40B Overview

What is affordable housing?

Affordable housing is generally defined by the income of the household in relation to housing costs. For example, The US Department of Housing and Urban Development (HUD) identifies units as affordable if gross rent (including costs of utilities borne by the tenant) is no more than 30% of a household’s net adjusted income (with a small deduction for each dependent, for child care, for extraordinary medical expenses, etc.) or if the carrying costs of purchasing a home (mortgage, homeowners association fees, property taxes and insurance) is not more than typically 30% of income. If households are paying more than these amounts, they are described as experiencing housing affordability problems or cost burdens; and if they are paying more than half of their income for housing, they have severe housing affordability problems and cost burdens. 

Affordable housing can also be defined according to percentages of median income for the area as summarized in the following table: (Source: US Dept. of Housing and Urban Development; Note: Ashland is included in the Boston Metropolitan Statistical Area)

HUD Area Income Limits for the Boston Area, 2016
# of Persons in Household 30% of Area Median Income 50% of Area Median Income 80% of Area Median Income
1 $20,650 $34,350 $51,150
2 23,600 39,250 58,450
3 26,550 44,150 65,750
4 29,450 49,050 73,050
5 31,850 53,000 78,900
6 34,200 56,900 84,750
7 36,730 60,850 90,600
8+ 40,890 64,750 96,450

Housing subsidy programs are typically targeted to particular income ranges depending upon programmatic goals. More information can be found on the DHCD website here.

What is 40B?

Massachusetts General Laws Chapter 40B is designed to facilitate construction of affordable housing in communities where less than 10 percent of its housing stock is affordable (accessible to low and moderate income levels). Under Chapter 40B, developers are able to ignore certain local zoning laws, including specifically the allowable density, as long as 20 to 25 percent of the units being built meet the state’s definition of affordable. The law provides only limited opportunity for the local town or city officials to alter the developer’s plans.

The most commonly used definition of affordable housing is that which applies to the Chapter 40B comprehensive permit law. For a unit to be affordable under Chapter 40B, and thus counted towards a community's progress towards reaching the 10% affordability threshold and included as part of its Subsidized Housing Inventory (SHI), a unit must meet specific state requirements including the following:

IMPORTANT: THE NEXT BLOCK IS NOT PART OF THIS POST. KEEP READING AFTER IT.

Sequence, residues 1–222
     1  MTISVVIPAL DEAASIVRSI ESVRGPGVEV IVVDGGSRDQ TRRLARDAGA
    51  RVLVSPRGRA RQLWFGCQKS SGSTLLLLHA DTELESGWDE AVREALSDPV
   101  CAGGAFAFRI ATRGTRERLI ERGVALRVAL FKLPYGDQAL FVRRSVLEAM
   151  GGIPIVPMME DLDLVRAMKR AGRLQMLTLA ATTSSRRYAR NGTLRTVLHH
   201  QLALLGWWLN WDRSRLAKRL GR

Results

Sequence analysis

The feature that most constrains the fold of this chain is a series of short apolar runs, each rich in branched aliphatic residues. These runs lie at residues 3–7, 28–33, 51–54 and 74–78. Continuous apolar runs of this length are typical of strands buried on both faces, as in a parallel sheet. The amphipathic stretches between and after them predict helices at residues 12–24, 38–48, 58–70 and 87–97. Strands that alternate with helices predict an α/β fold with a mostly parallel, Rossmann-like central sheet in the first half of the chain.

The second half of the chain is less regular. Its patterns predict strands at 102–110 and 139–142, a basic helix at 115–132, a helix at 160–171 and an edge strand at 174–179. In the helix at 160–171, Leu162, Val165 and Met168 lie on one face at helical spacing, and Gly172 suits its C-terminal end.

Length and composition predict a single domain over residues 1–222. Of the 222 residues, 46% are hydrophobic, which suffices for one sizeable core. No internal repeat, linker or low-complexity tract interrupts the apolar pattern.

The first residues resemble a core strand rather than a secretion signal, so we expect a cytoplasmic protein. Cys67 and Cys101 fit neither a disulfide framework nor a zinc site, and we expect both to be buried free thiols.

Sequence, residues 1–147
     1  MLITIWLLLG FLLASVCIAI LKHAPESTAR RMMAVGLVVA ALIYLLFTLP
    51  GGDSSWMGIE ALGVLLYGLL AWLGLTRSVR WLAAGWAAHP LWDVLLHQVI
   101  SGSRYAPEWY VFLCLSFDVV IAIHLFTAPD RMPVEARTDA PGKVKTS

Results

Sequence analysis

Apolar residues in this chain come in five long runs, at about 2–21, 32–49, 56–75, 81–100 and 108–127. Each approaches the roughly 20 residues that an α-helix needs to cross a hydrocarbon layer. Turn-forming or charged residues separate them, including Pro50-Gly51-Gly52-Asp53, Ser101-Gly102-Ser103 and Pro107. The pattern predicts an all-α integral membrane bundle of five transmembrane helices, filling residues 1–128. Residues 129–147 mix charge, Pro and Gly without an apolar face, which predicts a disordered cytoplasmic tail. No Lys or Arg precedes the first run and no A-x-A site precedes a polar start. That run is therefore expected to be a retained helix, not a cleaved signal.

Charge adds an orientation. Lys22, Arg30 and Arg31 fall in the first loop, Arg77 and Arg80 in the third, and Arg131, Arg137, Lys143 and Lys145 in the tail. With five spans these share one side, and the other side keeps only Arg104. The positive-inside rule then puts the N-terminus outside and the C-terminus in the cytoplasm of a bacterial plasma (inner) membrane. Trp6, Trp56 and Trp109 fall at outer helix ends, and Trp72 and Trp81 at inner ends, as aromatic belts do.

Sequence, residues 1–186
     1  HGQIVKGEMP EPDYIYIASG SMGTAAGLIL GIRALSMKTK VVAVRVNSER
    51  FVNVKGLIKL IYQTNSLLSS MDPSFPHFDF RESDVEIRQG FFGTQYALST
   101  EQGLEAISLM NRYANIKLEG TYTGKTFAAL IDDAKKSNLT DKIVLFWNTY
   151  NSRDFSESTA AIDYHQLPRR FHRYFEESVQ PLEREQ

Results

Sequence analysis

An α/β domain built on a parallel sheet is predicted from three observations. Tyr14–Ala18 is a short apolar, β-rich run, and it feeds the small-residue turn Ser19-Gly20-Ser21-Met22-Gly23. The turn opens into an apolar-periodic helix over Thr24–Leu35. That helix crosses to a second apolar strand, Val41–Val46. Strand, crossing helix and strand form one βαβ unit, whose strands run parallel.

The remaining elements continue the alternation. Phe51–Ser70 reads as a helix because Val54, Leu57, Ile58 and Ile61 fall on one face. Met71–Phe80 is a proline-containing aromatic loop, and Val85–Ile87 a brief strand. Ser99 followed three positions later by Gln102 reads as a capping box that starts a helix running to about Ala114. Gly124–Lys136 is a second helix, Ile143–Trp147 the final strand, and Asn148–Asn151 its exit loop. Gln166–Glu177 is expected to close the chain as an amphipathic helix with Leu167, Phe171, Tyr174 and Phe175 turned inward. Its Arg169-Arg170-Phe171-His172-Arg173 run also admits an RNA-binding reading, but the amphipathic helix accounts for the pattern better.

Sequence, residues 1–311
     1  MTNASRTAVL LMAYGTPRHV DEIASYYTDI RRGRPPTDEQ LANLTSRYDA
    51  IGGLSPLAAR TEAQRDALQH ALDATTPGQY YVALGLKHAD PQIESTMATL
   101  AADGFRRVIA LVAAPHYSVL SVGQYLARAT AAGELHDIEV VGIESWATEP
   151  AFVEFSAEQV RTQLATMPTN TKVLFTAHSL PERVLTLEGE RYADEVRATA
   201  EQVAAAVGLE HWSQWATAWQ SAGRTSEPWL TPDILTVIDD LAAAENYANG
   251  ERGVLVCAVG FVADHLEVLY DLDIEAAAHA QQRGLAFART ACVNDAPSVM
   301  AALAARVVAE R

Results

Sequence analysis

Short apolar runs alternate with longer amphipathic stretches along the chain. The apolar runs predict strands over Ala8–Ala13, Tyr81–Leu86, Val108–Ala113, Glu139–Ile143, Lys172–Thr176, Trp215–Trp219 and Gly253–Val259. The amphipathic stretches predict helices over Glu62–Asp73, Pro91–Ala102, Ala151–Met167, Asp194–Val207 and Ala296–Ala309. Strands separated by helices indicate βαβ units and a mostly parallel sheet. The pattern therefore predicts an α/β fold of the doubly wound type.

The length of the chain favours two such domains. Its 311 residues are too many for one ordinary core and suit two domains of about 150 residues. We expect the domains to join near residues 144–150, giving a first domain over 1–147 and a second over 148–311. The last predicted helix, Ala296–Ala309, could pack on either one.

- Units must be subsidized or approved by a subsidizing agency.

 - Occupants must have income at or below 80% of area median income, adjusted by household size and presented in the above table.

 - The unit must be deed restricted for specified periods of time including in perpetuity for newly constructed affordable homeownership units. These deed restrictions are monitored and enforced.

 - The units must be affirmatively marketed through the implementation of a state-approved Affirmative Fair Housing Marketing and Tenant Selection Plan.

The 10 Percent

The 10 percent calculation is based upon the total housing inventory, per the national census. Housing units that are built and deed restricted as affordable (accessible to incomes at or under the 80 percent area mean income level) are eligible for inclusion on the state's Subsidized Housing Inventory (SHI); however, the state values rental units over for-sale units and as such in a development where all units built are rental, all units will count towards the SHI. For example, a 20-unit housing development where the homes are for-sale, only the houses specifically set aside as affordable will count (25 percent or 5 units) towards the SHI. If that same 20-unit housing development were rental units, all 20 units will count towards the SHI.

The rental vs. for-sale difference is important because all of the units built go towards the total housing inventory, which affects the 10 percent calculation. A 20-unit for-sale development increases the total housing stock by 20 but only adds 5 to the SHI whereas rental units provides a more even distribution of 20 units to each list and reaching the 10 percent goal faster.

Current Conditions in Ashland

As of the SHI of June of 2015, 3.66% of the housing units in Ashland counted as affordable housing. By late November of 2016, Ashland's percent affordable units rose to 5.18%. Currently, both the Village of the Americas Phase VII project and the Campenelli/Thorndike project in the RTD are scheduled to add more units to the total in 2017. While just these projects will not get us to the goal of 10% affordable units, it will be substantial progress towards this goal, and will allow Ashland to enjoy some "Safe Harbor" protections.

Safe Harbor

When a town is below the required 10 percent, leaving it susceptible to unfriendly 40B developers, the town has an option to proactively plan for developing affordable housing on its own terms by creating a state-approved Housing Production Plan (HPP). If the town adds a certain number of affordable units to the overall housing stock, the Commonwealth will grant the town "Safe Harbor" status, which gives protection to the town from future unfriendly 40B developments. In other words, developments that have not already been applied for. Ashland currently has an approved Housing Production Plan (found on the Planning webpage), and we are currently in the process of obtaining certification from the Commonwealth. A 0.5% increase in affordable units buys a 1 year safe harbor. A 1% increase gives the town a 2 year safe harbor. Because Ashland has raised the percent of affordable housing by over 1% in the last couple of years, Ashland expects to be granted a 2 year "Safe Harbor" status.